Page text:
by Kim KosterProject Management

Apr 23, 2019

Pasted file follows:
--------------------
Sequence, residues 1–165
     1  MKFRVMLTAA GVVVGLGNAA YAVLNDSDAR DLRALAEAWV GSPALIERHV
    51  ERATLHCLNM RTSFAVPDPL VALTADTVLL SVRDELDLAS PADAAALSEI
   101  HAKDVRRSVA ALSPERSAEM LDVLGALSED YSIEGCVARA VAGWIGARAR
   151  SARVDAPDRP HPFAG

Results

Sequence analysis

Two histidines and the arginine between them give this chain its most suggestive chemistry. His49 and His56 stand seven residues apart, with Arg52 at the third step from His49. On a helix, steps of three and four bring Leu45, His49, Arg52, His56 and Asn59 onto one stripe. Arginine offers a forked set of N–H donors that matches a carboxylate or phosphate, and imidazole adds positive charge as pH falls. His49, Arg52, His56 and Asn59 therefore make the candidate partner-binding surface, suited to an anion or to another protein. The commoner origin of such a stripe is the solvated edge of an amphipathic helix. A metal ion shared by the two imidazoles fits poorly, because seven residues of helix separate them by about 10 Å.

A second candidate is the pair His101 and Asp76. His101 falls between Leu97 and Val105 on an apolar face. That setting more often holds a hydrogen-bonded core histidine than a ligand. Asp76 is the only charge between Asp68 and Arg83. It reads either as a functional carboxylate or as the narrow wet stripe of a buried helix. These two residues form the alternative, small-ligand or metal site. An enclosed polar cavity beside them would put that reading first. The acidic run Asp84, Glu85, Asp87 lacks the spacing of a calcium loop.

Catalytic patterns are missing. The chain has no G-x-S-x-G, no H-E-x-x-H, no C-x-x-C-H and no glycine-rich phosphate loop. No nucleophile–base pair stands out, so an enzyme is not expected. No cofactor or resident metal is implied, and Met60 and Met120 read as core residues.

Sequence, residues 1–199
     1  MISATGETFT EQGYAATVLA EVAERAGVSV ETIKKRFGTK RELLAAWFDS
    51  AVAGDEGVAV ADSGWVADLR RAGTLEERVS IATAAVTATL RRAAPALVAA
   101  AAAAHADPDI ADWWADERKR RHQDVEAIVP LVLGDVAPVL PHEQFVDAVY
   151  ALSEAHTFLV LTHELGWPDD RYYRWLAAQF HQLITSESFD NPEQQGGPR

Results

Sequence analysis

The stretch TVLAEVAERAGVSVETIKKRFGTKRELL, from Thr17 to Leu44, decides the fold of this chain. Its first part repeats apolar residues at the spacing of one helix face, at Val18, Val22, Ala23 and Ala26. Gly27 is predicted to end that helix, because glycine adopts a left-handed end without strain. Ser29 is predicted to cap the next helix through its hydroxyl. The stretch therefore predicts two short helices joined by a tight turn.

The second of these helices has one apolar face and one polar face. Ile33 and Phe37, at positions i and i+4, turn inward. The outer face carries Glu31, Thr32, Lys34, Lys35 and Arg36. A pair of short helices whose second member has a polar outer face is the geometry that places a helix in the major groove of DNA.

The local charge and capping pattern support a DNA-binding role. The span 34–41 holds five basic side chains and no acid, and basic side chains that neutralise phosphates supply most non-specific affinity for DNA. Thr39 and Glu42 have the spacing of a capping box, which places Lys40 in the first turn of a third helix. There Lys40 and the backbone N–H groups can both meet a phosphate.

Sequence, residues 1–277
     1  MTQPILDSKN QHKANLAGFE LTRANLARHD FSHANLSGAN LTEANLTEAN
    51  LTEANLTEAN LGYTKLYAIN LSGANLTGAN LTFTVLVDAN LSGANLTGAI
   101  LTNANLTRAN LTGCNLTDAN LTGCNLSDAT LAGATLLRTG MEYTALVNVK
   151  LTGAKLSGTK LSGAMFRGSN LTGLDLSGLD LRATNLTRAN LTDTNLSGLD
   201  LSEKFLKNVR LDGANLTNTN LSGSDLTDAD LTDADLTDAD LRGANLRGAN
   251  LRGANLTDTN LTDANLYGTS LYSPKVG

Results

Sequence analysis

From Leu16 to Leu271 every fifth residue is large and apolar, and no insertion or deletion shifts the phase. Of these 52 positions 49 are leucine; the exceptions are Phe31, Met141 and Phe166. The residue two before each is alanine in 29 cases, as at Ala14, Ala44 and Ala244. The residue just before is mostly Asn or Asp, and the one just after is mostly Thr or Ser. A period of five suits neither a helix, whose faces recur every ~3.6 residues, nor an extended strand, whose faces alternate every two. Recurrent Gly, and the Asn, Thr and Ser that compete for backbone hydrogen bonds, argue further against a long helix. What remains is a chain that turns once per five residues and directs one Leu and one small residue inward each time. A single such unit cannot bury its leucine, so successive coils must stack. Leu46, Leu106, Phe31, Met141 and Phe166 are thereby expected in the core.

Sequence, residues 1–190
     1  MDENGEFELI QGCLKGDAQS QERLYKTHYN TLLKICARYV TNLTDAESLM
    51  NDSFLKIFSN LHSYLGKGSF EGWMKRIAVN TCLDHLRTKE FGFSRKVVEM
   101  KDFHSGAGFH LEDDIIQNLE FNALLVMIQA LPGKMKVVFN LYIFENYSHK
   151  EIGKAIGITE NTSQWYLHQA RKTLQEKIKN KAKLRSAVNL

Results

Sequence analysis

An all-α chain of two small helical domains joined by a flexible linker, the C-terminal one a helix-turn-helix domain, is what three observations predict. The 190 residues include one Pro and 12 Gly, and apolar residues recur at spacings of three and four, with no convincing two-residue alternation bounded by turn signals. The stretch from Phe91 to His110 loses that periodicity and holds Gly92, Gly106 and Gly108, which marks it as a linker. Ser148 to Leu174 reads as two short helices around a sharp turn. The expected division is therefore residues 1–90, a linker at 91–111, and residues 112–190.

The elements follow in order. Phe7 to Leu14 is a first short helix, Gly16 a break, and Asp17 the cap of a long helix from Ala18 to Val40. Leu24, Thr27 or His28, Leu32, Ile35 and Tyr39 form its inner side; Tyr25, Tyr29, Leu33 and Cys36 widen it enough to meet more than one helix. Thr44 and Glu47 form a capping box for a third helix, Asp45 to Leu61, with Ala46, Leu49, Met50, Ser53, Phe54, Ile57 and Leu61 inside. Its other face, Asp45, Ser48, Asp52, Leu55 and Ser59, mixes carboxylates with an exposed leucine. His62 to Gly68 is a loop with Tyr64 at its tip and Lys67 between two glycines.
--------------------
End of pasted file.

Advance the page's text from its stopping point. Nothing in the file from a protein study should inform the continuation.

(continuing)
Do you need project visibility and analytics to drive decision-making? Would real-time querying make your job easier? Do you need a tool to communicate with all project stakeholders (executives and project teams) in both a simple and sophisticated manner? If the answer is YES, this blog is for you! Project managers (PMs) and their teams scramble too often for project visibility information in Excel and perform busy work instead of actively managing their projects and fostering relationships with customers. With the right processes and tools, PMs can have the information at their fingertips needed to focus on performance and profitability, reduce risk, and manage their projects. Successful PMs have the tools to look deep within the project data past, present and future. Their goals are met because they can obtain the right information with accurate data, eliminating costly manual manipulation of data. These best-in-class PMs have comprehensive and timely visibility and control over their projects, resources, revenue, profitability, schedule, pipeline, and financials. They can make decisions quickly and effectively, resulting in a positive effect to the bottom line of the organization. What is Project Portfolio Management (PPM)? The purpose of project/program integration management is to… Coordinate project activities and integrate all efforts into a project plan Integrate, analyze, and report the project results in carrying out the project plan Control changes to the baseline plan Collect, integrate, and organize project information in a project information system. (Reference: Project Management Maturity Model by J. Kent Crawford pg. 27) Project Portfolio Management is a great overall philosophy that enables organizations to efficiently manage projects. A major outcome of PPM is having visibility and control over the projects, which will benefit the organization by: Fostering a greater understanding of the key drivers of revenue and profit in your organization Proactive tracking and management of performance relative to an annual operating plan Elimination of profit losses on direct projects due to unanticipated project overruns Increased profitability on T&M and Fixed Price projects Reduction in the amount of funding “left on the table” (revenue backlog) Increased adoption rates for the system you choose as it relates to planning and forecasting Reduction in Days Sales Outstanding (DSO) or other invoicing metrics Less time spent managing the financial aspects of direct projects Key Performance Indicators (KPI) As we discussed in a previous blog, KPIs provide status and information for all levels within the organization. KPIs are typically displayed on dashboards and they should be a real-time visual representation of the role-based information needed to manage the business. You should be able to quickly see with colors and graphs where you are against your plans. KPIs provide actionable insights to help you run your business on one single screen. Commonly Used KPIs Below are a few examples of commonly used metrics that project managers should have access to in order to run their projects successfully. Hopefully your organization is running a software package that provides this information. Annual Billable Utilization: Billable Hours / Total Hours or Billable Days / Total Days Booking: A commitment by a customer to buy your goods or services Backlog: Total Bookings – Delivered Goods or Services Billing: An invoice requesting payments for goods delivered or services rendered Revenue: The amount of earnings that can be recognized T&M Revenue per Employee: Actual Bill Rate x Hours Charged + ODC For a more in-depth look on establishing strong KPIs, read our blog, “Tips for Developing Key Performance Indicators for Your Organization.” Earned Value Management (EVM) Another helpful aspect of project visibility is earned value management. Earned Value Management (EVM) is a project management best practice that flows directly with your established PM policies. The basics of EVM are plan, execute, assess performance, and monitor the project. Project managers can assess completion of the work at the task level and by doing this will get a host of metrics on current and future performance. Gain Project Visibility and Control with Unanet’s Project Management Software How can one just system provide project managers with the project visibility and control they need to ensure business success? Unanet’s project management software allows you to align projects to corporate strategy, lower project management costs, gain key real-time project insights, and much more, all in one single source of truth! We’ve helped over 2,000 customers transform their project management processes. To learn more about Unanet and how it can provide your project managers the visibility and control they need to ensure project success, download our eBook, 9 Simple Steps to Convince Your Leadership to Adopt Project Portfolio Management (PPM).